Gimme Rewrite, Sweetheart
Tales From the Last Glory Days of Cleveland Newspapers—Told By The Men and Women Who Reported the News
- Hardcover, 253 pages, 5.8 x 8.8 inches
- ISBN: 978-1-59851-016-4
Utterly fascinating . . . highly recommended anyone curious about heyday of newspapers. Library Book Watch
Listen in as dozens of veteran newspaper men and women share their favorite stories about life on the job at Cleveland's newspapers during the 1950s, '60s, and '70s—when spirited competition between the Cleveland Press and the Plain Dealer made the newspaper business the most exciting business in town.
Their stories are funny, tragic, human and sometimes outrageous. Read them and find out why reporters in those days knew they had the world's best job. Back then, the door to the city room was wide open and you never knew who might walk in—strippers, mental patients, circus clowns, the mayor . . . It was an amazing parade.
The best stories rarely just walked in, though. Reporters wore out shoe leather, jamming dimes into pay phones, pressing their ears to closed doors. Photographers recorded the action, whether a murder victim or a murderer or the Girl Scout who sold the most cookies.
Now, here are the stories behind the stories, told by the men and women who covered them. Includes eye-opening stories from investigative reporters, society writers, theater critics, sportswriters, photographers, editors, and many others.
A loving tribute to the art and science of being a newspaper reporter . . . The main thrust of this book is the rivalry between the “Plain Dealer” and the Press, which diedunceremoniouslyon June 17, 1982. An era died with it. But you can relive those bumptious, boisterous, downright rowdy days of the 50s through the early 80s with this book . . . You'll laugh, you'll cry, and go back to it time and time again for a bit more of the joie de vivre depicted within its pages. coolcleveland.com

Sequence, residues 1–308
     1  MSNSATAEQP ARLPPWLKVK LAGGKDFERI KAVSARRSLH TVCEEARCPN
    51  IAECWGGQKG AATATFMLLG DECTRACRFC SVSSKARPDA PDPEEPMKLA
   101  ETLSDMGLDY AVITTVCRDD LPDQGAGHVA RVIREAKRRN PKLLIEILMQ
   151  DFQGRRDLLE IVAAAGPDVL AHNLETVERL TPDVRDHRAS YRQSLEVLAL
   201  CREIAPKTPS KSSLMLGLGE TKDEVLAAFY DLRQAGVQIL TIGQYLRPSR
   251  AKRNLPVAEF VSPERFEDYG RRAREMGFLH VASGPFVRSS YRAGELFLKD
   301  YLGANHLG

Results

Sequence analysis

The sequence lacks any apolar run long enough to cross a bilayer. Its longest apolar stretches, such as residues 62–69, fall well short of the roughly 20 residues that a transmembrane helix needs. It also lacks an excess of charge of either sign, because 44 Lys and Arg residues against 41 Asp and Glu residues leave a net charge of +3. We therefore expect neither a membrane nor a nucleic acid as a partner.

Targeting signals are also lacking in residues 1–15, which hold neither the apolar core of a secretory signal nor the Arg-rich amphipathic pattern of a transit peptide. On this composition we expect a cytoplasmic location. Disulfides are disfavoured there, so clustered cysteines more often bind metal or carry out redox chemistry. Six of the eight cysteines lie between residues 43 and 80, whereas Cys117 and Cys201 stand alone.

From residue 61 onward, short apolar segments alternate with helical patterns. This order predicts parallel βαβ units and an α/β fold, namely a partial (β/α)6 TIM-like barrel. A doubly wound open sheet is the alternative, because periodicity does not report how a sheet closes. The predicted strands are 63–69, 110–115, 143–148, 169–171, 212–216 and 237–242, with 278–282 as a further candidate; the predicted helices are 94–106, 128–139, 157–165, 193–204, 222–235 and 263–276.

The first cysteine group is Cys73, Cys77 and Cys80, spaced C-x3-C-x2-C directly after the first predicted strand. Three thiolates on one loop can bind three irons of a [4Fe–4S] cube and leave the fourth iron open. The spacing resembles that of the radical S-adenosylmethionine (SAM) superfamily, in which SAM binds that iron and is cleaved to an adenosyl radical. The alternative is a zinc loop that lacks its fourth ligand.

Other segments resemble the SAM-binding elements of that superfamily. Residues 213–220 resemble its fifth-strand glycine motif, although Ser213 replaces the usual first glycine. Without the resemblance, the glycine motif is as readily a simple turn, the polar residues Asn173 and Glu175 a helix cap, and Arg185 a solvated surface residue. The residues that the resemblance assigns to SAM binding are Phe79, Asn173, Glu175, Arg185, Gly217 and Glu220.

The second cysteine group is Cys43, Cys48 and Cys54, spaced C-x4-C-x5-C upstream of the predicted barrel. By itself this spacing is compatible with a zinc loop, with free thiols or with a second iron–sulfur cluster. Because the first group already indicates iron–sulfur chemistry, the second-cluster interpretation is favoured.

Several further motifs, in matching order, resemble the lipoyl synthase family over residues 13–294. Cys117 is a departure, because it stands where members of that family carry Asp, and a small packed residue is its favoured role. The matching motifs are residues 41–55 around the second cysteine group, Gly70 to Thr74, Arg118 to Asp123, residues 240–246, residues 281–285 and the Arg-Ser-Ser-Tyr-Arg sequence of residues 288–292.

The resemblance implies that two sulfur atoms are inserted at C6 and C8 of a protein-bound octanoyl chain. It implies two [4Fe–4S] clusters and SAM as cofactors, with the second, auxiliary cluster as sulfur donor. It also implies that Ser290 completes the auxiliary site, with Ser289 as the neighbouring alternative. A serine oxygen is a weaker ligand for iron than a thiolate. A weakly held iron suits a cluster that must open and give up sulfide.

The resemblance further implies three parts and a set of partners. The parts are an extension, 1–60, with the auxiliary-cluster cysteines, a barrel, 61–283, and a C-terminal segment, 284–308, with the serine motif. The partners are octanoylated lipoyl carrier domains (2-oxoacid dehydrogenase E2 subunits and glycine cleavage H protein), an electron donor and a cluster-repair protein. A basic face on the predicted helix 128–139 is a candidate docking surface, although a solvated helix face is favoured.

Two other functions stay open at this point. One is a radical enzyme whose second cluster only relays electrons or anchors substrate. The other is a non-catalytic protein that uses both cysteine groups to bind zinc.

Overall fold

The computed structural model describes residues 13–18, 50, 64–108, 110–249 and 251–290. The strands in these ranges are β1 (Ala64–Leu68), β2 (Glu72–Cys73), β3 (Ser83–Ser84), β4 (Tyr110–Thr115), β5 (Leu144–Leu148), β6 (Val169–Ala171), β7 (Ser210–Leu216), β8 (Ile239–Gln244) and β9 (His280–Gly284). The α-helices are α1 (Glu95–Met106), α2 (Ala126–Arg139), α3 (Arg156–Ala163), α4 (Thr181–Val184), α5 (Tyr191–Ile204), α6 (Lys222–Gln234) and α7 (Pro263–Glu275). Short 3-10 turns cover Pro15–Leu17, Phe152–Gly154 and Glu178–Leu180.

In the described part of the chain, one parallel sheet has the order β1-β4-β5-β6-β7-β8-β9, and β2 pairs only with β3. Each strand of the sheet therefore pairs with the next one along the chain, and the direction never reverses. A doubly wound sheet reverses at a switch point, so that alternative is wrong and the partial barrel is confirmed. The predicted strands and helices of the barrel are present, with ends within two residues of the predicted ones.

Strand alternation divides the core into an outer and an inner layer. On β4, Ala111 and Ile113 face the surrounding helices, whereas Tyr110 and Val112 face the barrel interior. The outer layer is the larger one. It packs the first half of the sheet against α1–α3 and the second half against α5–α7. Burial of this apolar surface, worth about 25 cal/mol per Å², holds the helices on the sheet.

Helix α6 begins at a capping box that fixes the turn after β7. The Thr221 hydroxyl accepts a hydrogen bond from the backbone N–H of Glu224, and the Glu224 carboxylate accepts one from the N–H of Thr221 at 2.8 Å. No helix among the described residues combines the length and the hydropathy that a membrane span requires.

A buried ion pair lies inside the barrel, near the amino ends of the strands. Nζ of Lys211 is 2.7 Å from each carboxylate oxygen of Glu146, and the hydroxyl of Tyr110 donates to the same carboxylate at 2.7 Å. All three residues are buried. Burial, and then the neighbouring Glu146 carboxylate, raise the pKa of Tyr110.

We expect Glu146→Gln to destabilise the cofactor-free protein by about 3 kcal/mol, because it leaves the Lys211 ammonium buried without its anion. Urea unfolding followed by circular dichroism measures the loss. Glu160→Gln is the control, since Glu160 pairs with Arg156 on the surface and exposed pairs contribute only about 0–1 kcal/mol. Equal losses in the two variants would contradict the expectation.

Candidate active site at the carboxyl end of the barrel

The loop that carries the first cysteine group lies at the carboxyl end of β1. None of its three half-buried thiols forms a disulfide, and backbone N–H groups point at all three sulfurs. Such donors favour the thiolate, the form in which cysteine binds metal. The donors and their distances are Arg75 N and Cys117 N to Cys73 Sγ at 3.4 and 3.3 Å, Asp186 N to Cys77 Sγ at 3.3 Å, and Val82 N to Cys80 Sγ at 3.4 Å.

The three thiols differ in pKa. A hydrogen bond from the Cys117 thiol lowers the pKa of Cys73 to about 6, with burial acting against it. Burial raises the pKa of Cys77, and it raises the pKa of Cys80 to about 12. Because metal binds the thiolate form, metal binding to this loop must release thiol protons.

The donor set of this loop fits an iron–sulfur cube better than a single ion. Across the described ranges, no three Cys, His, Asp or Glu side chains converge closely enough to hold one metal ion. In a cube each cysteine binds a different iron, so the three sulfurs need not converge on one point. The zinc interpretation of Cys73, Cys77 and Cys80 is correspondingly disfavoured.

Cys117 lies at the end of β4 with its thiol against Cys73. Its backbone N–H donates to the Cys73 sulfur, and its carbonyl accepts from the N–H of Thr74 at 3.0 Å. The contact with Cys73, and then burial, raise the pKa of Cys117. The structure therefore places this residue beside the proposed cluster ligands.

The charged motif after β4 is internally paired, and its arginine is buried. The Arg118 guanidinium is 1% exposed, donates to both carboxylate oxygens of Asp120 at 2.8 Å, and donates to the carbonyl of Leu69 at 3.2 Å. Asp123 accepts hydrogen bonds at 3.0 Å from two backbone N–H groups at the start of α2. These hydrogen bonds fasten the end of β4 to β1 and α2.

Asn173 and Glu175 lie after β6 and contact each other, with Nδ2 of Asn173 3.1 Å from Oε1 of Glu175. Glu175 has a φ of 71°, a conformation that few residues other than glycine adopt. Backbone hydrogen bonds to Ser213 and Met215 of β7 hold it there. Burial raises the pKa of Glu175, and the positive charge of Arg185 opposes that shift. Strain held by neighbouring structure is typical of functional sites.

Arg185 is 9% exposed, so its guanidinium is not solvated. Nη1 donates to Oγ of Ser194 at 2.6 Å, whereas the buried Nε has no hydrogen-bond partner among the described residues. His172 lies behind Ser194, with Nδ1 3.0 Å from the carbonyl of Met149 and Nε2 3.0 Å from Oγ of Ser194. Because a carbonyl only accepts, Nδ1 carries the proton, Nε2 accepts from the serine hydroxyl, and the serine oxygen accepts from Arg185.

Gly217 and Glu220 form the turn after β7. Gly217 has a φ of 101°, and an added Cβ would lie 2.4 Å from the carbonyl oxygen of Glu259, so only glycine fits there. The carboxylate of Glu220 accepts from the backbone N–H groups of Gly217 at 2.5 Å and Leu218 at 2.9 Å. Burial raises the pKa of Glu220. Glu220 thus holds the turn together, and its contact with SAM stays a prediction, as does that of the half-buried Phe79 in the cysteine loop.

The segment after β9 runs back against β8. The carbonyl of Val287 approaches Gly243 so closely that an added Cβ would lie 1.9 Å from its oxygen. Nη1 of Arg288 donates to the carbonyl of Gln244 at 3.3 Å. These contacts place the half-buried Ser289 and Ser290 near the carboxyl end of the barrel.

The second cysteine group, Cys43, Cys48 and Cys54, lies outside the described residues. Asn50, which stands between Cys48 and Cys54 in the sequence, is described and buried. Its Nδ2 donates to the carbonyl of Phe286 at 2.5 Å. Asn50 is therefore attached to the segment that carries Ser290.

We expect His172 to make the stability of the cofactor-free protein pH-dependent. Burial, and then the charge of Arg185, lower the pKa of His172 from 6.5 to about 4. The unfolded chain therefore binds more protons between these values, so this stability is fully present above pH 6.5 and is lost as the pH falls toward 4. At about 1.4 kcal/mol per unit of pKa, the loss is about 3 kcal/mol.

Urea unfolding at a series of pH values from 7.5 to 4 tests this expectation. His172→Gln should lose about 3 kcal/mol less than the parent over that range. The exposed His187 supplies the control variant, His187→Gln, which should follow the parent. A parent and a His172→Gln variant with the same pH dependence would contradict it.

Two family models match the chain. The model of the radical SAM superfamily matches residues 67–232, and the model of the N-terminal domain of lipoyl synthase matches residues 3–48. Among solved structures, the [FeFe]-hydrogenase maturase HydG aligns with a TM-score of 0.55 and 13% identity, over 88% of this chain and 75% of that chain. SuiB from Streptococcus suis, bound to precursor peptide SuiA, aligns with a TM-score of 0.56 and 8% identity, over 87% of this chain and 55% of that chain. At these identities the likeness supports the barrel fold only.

A welcome primary source of American History . . . utterly fascinating to read for pleasure, and highly recommended anyone curious about heyday of newspapers. Library Book Watch
A celebration of Cleveland's competing daily newspapers. If all the stories are to be believed, things were just a little bit zestier back then (a chapter titled “Too many martinis” is subtitled simply, “Drinking”), and though you get the sense these tales have been hauled out and dusted off a few times, nothing feels stale . . . A compelling reverie that reminds us of the value of good journalism and its place in a healthy and informed society. Ohio Authority.com
Portrays an era of wild public discussion, when Cleveland had three daily papers competing for news . . . the breaking stories, the deadlines, the dead bodies, the martinis. It's a great portrait that, even if you didn't live through that age, will make you miss it. Cleveland Scene
If you are old enough to remember the “Cleveland Press,” you will enjoy these glimpses of the inner workings of the two daily papers because they remind you of a very different time. If you are younger, read this book to see what it was like when Cleveland was on top and when the news was gathered via shoe leather, phone calls, martinis and cigarettes and written to the clicking cadence of manual typewriters. clevelandseniors.com
For anyone who ever worked foror, for that matter, reada newspaper, it is an absolute delight. Morning Journal
About John H. Tidyman
John Tidyman is the author of eight books and has written for just about every publication in Northeast Ohio. After graduating from Lakewood High School, he was drafted and fought in the Vietnam War, and returned a 19-year-old buck sergeant. after stints as a waiter, a warehouseman, and an air freight agent, he joined the Cleveland Press as a reporter. He has been writing ever since. More About John H. Tidyman
Contains References to:
Carl Stokes, Cleveland Plain Dealer, Cleveland Press, Dennis Kucinich, Dick Feagler, Doris O'Donnell, Joseph E. Cole, Louis B. Seltzer, Ralph Perk, Sam Sheppard, Shondor Birns, Thomas Vail